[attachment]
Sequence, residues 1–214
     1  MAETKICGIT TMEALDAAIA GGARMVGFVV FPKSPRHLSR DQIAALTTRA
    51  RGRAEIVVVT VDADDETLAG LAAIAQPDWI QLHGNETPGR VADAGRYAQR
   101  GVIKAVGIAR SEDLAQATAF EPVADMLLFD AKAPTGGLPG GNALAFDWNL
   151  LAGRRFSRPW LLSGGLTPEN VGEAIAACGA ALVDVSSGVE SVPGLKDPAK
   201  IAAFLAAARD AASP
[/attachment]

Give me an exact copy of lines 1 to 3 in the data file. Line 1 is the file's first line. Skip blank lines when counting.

Sequence, residues 1–214
     1  MAETKICGIT TMEALDAAIA GGARMVGFVV FPKSPRHLSR DQIAALTTRA
    51  RGRAEIVVVT VDADDETLAG LAAIAQPDWI QLHGNETPGR VADAGRYAQR